Earlier this year my wife and I visited Art Hill in Forest Park to watch people using their sleds, snow disks, snow boards, and other things (even just sheets of plastic) to slide down the hill below the Art Museum. Surprisingly, with the number of people trying to use a relatively compact area, there didn’t seem to be any arguments, disagreements, or serious collisions. The hill was used by people of all ages and sizes and all seemed to be having a great time. As I watched, it brought back memories of my childhood in the (flat) rice farming area of Arkansas.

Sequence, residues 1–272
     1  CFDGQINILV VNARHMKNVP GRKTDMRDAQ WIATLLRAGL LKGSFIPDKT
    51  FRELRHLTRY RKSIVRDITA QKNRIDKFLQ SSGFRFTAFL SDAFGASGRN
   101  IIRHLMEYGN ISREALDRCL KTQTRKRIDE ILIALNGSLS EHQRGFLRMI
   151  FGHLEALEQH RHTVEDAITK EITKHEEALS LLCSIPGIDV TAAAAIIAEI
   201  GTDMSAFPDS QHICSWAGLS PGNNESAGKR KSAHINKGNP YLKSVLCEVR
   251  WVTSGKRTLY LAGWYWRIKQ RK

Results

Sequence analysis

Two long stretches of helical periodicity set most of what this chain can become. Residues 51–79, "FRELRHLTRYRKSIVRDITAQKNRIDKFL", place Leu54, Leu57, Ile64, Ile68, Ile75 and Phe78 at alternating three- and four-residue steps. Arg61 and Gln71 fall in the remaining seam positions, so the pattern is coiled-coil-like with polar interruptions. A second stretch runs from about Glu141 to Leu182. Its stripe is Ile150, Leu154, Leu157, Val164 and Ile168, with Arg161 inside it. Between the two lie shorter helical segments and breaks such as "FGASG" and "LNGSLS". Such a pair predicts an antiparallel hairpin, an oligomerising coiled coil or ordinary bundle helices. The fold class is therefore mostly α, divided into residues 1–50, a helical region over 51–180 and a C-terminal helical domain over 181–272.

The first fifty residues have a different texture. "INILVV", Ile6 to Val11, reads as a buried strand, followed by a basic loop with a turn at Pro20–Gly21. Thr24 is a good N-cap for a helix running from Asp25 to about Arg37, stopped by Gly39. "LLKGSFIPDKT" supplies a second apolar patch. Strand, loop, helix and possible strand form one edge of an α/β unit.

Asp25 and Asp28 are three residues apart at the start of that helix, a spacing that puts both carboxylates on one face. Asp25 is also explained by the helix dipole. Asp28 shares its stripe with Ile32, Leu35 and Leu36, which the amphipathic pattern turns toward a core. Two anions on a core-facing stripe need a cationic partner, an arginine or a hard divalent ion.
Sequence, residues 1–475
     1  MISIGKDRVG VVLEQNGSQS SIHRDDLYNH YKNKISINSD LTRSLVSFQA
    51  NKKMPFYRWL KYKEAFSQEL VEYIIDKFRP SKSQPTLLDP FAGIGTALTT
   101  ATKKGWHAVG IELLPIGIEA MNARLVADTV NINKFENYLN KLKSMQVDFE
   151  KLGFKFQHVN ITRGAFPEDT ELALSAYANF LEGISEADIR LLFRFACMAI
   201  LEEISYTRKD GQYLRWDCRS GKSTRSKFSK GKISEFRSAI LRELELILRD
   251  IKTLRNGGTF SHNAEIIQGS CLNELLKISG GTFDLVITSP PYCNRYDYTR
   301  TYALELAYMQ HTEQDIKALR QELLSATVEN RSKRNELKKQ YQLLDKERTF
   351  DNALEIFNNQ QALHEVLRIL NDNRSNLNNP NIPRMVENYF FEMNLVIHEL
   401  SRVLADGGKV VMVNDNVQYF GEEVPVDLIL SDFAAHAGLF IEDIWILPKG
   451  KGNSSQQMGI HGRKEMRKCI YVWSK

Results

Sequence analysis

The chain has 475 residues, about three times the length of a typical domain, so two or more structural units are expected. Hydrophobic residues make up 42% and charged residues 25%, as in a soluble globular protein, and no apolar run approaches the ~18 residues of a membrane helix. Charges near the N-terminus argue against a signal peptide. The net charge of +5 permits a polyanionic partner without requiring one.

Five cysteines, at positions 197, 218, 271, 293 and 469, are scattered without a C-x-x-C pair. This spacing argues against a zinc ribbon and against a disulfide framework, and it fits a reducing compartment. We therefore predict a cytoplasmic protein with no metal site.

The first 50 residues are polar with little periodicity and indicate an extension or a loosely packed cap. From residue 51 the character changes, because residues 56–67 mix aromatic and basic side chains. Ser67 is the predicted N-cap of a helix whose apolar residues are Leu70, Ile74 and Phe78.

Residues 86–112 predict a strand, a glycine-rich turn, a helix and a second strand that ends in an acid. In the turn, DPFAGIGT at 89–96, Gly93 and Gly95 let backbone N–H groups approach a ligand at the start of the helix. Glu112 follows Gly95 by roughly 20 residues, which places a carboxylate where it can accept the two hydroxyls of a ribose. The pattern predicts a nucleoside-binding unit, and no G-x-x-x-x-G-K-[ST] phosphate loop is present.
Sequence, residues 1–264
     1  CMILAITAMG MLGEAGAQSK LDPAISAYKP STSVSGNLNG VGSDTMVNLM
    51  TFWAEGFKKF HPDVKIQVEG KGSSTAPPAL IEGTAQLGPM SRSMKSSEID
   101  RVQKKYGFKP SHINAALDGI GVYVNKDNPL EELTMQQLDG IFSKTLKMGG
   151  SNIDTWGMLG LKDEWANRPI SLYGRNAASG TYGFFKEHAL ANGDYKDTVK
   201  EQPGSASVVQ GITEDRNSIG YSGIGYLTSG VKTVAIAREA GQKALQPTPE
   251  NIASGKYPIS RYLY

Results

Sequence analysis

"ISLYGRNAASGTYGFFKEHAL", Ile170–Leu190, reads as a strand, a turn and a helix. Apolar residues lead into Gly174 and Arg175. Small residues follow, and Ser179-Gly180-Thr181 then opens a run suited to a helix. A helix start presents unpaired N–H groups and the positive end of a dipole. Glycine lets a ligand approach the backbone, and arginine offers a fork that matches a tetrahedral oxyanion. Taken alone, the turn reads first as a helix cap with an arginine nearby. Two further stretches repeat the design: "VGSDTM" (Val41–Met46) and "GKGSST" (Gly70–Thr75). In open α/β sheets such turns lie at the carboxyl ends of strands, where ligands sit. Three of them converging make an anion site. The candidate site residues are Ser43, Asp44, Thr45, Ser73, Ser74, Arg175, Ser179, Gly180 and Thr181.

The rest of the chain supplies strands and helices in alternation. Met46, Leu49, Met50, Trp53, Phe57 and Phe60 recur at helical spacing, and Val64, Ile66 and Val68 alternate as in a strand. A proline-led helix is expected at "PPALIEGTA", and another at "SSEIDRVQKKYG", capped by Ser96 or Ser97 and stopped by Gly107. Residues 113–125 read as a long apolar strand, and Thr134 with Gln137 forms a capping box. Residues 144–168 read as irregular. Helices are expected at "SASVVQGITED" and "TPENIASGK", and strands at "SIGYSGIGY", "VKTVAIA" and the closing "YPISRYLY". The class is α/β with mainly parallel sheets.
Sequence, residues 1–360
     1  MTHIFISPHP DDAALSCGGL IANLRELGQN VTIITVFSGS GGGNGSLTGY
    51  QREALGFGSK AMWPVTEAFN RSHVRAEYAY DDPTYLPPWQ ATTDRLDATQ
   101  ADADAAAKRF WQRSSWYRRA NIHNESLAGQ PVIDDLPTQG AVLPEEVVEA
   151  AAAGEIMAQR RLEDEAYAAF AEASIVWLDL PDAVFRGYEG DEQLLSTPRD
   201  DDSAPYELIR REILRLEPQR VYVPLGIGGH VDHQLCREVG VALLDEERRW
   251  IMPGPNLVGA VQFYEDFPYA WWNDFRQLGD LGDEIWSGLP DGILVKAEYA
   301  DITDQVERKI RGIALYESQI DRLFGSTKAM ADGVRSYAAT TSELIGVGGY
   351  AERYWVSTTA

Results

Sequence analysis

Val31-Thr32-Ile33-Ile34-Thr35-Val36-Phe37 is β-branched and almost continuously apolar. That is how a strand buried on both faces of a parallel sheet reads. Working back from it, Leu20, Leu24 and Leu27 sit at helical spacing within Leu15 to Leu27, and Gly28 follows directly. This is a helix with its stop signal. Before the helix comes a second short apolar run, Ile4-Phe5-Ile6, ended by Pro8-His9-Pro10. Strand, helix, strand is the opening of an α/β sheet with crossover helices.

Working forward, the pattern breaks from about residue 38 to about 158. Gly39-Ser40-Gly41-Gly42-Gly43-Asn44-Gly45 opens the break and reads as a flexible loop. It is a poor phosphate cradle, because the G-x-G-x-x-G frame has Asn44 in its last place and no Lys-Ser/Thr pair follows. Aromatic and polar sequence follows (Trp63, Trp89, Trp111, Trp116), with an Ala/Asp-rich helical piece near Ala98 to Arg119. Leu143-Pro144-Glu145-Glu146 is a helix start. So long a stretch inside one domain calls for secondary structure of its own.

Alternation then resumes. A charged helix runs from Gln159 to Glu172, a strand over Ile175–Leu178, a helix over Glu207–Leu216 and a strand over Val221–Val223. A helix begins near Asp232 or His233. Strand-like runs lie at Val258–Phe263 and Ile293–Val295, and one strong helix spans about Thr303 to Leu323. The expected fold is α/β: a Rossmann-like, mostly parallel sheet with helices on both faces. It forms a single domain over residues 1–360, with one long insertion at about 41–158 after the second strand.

When you grow up in an area that is lucky if it snows over an inch more than once or twice a year and the land is so flat that you can easily see several miles when weather conditions are good, there is little need for sleds, snow shoes, or skis. Still, I had a cousin who asked for and received a sled for Christmas one year. And, of course, when the next snow arrived, later that same winter I think, a group of us decided we should test the sled. After all, why should a lack of hills matter? We looked all over for a place to use the sled and the best we could find was a neighbor’s storm shelter which was covered with a mound of dirt. It created a “sled run” that was about six feet tall and was a bit steeper than 45 degrees. While I can’t remember the specifics, I’m almost sure that using the sled that day was a complete failure and I really don’t remember the sled ever making another appearance. Still, like many other things we did as kids, we had fun, we were out in the fresh air, and we made memories that will last for many years. Who knows, maybe the sled is still in a garage somewhere and will come out again someday for a new generation.